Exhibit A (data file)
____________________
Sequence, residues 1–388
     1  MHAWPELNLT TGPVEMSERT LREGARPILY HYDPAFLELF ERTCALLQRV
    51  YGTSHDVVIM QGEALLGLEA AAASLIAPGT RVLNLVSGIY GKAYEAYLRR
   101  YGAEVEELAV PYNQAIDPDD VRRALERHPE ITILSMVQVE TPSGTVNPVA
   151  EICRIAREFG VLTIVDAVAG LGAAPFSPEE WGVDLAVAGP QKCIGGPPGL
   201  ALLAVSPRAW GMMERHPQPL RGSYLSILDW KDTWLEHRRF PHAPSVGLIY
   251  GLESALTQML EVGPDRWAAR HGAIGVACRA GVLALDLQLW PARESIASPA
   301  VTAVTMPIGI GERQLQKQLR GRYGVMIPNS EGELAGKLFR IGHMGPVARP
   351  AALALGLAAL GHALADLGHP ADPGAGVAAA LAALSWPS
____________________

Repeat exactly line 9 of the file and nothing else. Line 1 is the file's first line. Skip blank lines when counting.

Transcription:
   351  AALALGLAAL GHALADLGHP ADPGAGVAAA LAALSWPS